301 vs. 302 Redirects: Which Should I Use for SEO?
Do you know the difference between a 301 and 302 redirect? While they might seem similar, the two have different functions to ensure your website works correctly.
To help you understand how to use these two redirects for your website, we want to review them in detail, then explain how they can affect your search engine optimization strategy.
Why do you need redirects?
As your website grows and you add more content, you will discover you need to make changes to your site. The challenge is that when you change some items like the URL structure of your pages, it is difficult for Google to know which page is the correct one.
Additionally, the search engine giant might not understand the page you prefer visitors to check out. Because of this, Google might think you have duplicate content on your website.
As we discussed in the Beginners Guide to SEO, unique content is something Google looks at in their algorithm to rank a website. If you have multiple pages with the same copy, Google does not believe you created unique content for each webpage.
The duplicate content can damage your search efforts; hence the need for a redirect. However, not all website redirects are the same. To prevent that, you need to look at the different redirects.
For our purposes, we want to compare 301 versus 302 redirects because they are the most common solutions here. However, there are other redirects you can use in other cases like a 303 or 307 redirect.
301 versus 302 redirects
What is a 301 redirect?
The definition of a 301 redirect refers to a website page that has moved permanently to a new URL. Search engines often need you to tell them what you are doing: they are not mind readers.
By setting up a 301 redirect, you tell a search engine like Google or Bing that your old page is no longer valid, and you want to forward your traffic to the new page.
The challenge here is that Google also looks at the age of your website page to determine rankings. When you forward the page to a new one, you could lose some of the traction you had with the old URL structure.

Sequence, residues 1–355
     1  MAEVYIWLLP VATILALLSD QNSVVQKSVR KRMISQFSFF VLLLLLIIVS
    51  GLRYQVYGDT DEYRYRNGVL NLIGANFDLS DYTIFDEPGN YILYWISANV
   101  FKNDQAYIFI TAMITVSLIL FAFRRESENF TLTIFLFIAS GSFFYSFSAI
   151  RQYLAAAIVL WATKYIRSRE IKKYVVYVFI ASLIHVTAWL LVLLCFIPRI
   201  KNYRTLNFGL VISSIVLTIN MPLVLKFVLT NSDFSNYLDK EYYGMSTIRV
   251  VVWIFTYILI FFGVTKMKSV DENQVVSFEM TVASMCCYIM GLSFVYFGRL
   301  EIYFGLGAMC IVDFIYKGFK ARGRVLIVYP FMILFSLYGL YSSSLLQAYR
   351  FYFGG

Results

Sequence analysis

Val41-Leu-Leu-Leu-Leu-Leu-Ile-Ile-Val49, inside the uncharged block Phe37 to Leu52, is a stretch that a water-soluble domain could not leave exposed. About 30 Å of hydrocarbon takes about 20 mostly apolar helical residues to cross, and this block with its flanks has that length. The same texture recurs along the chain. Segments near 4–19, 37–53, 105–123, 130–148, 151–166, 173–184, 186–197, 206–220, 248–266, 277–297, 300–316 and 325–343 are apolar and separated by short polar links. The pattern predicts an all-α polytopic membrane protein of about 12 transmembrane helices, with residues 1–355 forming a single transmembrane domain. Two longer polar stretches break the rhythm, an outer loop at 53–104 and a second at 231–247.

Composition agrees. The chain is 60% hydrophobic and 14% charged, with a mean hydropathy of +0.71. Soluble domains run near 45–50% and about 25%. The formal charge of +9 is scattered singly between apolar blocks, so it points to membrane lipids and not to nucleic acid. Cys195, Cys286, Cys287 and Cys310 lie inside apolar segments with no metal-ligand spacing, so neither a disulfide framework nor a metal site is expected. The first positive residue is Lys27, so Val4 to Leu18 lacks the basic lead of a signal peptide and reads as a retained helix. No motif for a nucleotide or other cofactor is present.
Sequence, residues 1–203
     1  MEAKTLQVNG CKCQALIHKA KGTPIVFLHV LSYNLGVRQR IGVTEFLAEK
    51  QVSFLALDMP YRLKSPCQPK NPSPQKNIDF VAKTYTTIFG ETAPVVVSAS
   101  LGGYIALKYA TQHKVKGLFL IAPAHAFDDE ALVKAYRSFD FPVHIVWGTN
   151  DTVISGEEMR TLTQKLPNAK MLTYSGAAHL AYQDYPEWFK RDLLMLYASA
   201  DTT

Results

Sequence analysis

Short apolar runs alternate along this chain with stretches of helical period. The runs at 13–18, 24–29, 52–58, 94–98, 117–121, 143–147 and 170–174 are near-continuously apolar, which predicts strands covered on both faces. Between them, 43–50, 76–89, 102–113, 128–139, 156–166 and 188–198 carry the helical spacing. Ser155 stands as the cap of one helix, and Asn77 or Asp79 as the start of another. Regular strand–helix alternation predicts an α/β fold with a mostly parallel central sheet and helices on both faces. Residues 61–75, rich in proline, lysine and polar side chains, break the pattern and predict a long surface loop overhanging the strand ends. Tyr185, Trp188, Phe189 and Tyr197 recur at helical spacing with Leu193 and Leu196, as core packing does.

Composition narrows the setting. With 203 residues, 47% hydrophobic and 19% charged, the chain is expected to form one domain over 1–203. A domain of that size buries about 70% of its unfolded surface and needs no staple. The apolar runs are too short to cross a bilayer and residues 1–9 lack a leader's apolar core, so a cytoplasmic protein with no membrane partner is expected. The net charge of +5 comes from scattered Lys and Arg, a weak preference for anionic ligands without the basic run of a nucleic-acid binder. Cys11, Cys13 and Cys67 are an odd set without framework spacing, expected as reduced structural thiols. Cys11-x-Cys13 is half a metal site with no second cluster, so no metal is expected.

When you use a 301 redirect, you show Google how you want to cooperate with them, and over the long-term, you should be able to recover your traffic. The challenge is that recovery could take a few months to a year.
However, if you have to update your domain name, change the URL structure for your site, or make some other kind of wholesale change, it might be unavoidable to use a 301 redirect.
That is why some websites put off large-scale changes for years. They do not want to look shady to their consumers or lose search traffic to Google. It is no surprise that the search engine wants to wait a few months to determine if you have good or bad intentions with the changes to your site.
If you are not sure the best approach to move your site to a new domain or website format, then contact us today for a free consultation. We successfully helped countless companies transfer their domain from one website to the other without issue.
What is a 302 redirect?
A 302 redirect is for a temporary website page move. For example, if you run an ad campaign and want to test multiple website landing pages, you could do an A/B test and redirect the page using a 302 redirect.
The challenge is that sometimes, webmasters use a 302 redirect for a permanent move. The temporary nature of a 302 redirect confuses Google because they are not sure if the change is, in reality, a short or long-term move.
Therefore, be careful with using a 302 redirect. If you do not reset your website at a certain point back to its original settings or change the 302 to a 301 redirect, then you could lose traffic over the long term.
Using the 302 redirect confuses Google. When they get confused, they think that someone does not know what page to display in the search engine rankings. Therefore, they might divide up the search power like backlinks between the two pages which ultimately diminishes your search traffic.
Therefore, it is often in your best interest to move a page back if you use a 302 redirect or switch the URL to a 301 redirect.
How can you create a 301 or 302 redirect easily?
While every CMS platform has their process, we want to take a moment to discuss how to conduct a quick 301 or 302 redirect.
Since 30% of all websites now use WordPress, we want to focus on how the website platform can help you with your redirects. Fortunately, WordPress has some plugins that do the work for you.
#1. Redirection– The most popular redirect plugin on WordPress with over a million active installs. They can help you with 301 redirects as well as 404 errors (when a website page is broken and does not exist).
#2. Simple 301 Redirects– As the name slyly hints at, this plugin only works on 301 redirects. They make it easy to redirect your pages to your new ones. You can also check the plugin add-ons to use the bulk upload feature.
#3. SEO Redirection– The final plugin helps you create 301 and 302 redirects.
In most cases, you want to use a 301 redirect for your website pages. That is because a 301 redirect gives you more search credit than a 302 redirect.
On the flip side, if you have a campaign with multiple landing pages you want to test then a 302 redirect could be easier in the interim. Before you do that, take a close look at the best option for your specific needs.
If you have further questions about how a 301 or 302 redirect can affect your search traffic, then contact us today for a free consultation.